The pupil’s with E.H.C.Plans / Individual Pupil Funding have their needs reviewed annually. This provides an opportunity to check the pupil’s progress and provision being made to meet the pupil’s educational/social communication/ disability needs. Parents and pupils are invited to give their views. The Annual Review allows interested parties to share expertise, concerns and plans for the future. It is considered to be of vital importance that the pupil’s efforts in school are valued and that constructive comments are made by all concerned.
Assessment is not a single event but a continuous process. Our Lady and St. Edward’s use a variety of assessment tools to identify pupils with special needs and to monitor their progress. These form the trigger for interventions.
Foundation Goals are used as an observation and assessment tool in the early years. E.Y Behaviour Assessments are recommended by L.A. and provide further information on F1and F2 pupils. The WELLCOMM assessment for speech and language, B.Squared , P.Scales and the half termly assessment meetings provide invaluable information as to pupil progress.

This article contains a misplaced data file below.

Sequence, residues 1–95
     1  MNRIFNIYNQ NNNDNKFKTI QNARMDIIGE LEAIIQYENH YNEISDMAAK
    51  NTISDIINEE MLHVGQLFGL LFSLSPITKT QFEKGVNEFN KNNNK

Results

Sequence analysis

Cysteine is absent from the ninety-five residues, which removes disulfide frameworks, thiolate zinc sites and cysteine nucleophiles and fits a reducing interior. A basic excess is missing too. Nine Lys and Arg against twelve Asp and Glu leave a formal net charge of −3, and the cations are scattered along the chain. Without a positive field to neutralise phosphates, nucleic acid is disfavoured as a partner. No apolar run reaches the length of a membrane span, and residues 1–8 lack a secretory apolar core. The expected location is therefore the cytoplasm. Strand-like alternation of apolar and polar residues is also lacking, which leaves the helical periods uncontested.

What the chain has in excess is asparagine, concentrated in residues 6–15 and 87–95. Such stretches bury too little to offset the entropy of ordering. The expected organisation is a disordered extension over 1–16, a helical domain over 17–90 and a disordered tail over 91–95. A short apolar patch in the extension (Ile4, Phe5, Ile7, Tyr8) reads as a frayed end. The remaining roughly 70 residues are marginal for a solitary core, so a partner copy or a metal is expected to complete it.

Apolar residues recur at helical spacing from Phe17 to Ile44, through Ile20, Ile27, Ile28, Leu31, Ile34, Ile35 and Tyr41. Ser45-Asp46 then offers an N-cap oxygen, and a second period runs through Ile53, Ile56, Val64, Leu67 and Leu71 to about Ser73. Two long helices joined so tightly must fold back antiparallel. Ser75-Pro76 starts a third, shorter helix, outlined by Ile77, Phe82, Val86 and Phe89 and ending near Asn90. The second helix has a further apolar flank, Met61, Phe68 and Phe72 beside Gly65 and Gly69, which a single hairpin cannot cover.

The class teacher’s White Special Needs File contains checklists to support the identification of a pupil’s difficulty.
See Addendum for further information.
PROVISION FRAMEWORK School’s Graduated Approach
Provision for children with special educational needs is a matter for the whole school. The governing body, the school’s Head Teacher, the SENCo and all other members of staff, particularly class teachers and teaching assistants who have important responsibilities. All teachers are teachers of children with special educational needs.
*Quality First Teaching/Year Group inclusion support – Children are identified at half termly assessment meetings where pupils progress is monitored and concerns are raised. The resources within the year group are used to support appropriate interventions. Information regarding this support is brought to the next assessment meeting and a decision regarding further interventions is made.